Choline: The Impostor Vitamin You’re Probably Missing

Our resident dietitian gives a primer on this important nutrient.

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Photo by: FatCamera

FatCamera

Choline is a vitamin-like substance that has historically has been lost in the shadows. Information presented at the annual Food and Nutrition Conference and Expo in Chicago just a few days ago is beginning to shine a light on this misunderstood nutrient. Health care professionals are buzzing about choline and here’s why you should be too.

What Is Choline?

Choline is similar to a water-soluble vitamin...but it’s not technically a vitamin. It plays a role in body-wide functions including liver health, cell structure, athletic performance, brain function and proper neurological development. This nutrient is especially important for pregnant and breastfeeding women to help support baby’s neurological development. Be on the lookout for choline in everything from prenatal vitamins to the nutrition facts panel in the coming months.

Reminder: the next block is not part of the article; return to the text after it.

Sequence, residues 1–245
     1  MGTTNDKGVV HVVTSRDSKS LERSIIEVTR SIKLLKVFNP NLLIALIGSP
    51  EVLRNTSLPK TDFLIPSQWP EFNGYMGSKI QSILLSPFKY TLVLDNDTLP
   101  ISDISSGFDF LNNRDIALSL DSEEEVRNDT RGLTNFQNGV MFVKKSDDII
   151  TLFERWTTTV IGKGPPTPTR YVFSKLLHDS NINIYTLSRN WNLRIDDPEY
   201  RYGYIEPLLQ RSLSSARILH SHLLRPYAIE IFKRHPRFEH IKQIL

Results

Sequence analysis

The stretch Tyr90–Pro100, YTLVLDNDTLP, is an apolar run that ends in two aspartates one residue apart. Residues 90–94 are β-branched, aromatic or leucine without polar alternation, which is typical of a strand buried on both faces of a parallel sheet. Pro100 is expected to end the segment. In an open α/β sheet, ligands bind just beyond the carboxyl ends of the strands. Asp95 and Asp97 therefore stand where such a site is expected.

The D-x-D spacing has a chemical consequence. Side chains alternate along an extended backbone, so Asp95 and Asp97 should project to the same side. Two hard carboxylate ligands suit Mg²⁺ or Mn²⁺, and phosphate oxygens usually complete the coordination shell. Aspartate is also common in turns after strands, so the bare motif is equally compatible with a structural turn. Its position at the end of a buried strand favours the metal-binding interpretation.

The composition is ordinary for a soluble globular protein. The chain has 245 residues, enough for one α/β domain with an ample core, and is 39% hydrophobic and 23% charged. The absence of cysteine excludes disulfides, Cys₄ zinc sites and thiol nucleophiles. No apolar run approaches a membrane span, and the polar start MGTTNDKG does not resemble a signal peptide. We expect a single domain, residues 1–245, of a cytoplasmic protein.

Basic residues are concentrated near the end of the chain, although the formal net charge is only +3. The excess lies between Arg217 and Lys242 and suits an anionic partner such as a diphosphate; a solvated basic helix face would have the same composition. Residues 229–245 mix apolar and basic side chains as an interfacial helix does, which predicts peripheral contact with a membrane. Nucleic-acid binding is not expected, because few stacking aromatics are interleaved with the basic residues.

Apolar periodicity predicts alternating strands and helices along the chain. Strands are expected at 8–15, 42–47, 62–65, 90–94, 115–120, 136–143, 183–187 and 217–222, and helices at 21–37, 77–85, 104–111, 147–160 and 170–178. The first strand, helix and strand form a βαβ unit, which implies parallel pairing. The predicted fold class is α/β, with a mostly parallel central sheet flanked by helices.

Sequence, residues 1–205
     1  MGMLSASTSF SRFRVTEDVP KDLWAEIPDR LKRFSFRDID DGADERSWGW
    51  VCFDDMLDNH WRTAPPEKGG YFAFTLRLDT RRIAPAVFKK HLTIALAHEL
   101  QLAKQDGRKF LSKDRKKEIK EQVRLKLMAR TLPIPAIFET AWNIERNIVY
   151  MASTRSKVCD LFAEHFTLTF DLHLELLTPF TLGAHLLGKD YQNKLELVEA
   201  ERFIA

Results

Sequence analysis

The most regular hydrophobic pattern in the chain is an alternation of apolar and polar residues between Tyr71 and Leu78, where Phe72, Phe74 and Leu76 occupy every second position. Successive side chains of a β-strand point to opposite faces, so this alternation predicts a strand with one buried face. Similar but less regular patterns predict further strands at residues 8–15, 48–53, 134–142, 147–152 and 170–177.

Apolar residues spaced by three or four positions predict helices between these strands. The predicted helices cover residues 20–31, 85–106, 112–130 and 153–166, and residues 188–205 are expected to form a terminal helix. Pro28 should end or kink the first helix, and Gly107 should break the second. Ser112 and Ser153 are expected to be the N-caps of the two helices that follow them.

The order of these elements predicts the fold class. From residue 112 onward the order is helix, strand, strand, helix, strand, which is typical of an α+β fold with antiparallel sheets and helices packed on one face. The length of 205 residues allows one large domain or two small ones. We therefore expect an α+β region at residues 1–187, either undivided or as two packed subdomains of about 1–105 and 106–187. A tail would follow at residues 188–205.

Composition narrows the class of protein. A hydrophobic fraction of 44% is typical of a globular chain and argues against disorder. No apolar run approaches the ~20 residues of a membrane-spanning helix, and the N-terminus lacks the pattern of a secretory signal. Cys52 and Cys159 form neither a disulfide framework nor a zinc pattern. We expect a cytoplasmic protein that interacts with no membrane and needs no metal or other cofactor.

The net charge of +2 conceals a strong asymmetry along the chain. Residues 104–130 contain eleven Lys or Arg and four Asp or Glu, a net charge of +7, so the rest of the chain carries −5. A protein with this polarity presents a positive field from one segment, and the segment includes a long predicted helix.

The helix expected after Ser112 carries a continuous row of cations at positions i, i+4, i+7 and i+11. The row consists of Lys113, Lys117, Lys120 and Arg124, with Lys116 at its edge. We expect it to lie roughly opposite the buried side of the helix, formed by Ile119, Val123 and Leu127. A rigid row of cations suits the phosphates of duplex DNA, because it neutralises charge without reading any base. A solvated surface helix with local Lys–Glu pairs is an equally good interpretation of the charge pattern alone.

Who Needs More Choline?

The short answer is … everyone. According to the Choline Council more than 90% of Americans aren’t getting enough of this important nutrient. A study published in August 2017 reported that a mere 8.03% of adults and 8.51% of pregnant women are meeting their daily needs for choline. Children require 125 mg a day at birth, and this number continues to increase until adult requirements reach 550 mg for men and 425 mg for women. Pregnant and breastfeeding women are even more in need: the recommendations jump to 450 and 550 mg a day, respectively.

Choline-Rich Foods

Your liver does possess the capability to make some choline, but needs can’t be met without eating choline-rich foods. Some of the very best sources include: beef liver, eggs, lean beef, chicken, fish, potatoes, soybeans, mushrooms, quinoa, milk and yogurt. While the list of sources crosses many food groups, to get the most choline, animal-based foods like beef, eggs and fish are most plentiful. The same study that identified poor intakes for most Americans also suggested that eggs and dietary supplements may be the most plausible answer to helping at risk populations get more. Two large eggs contain 294 mg of choline. Three ounces of cooked lean beef contains 117 mg and the same 3-ounce portion of chicken breast or cod contains around 70 mg.

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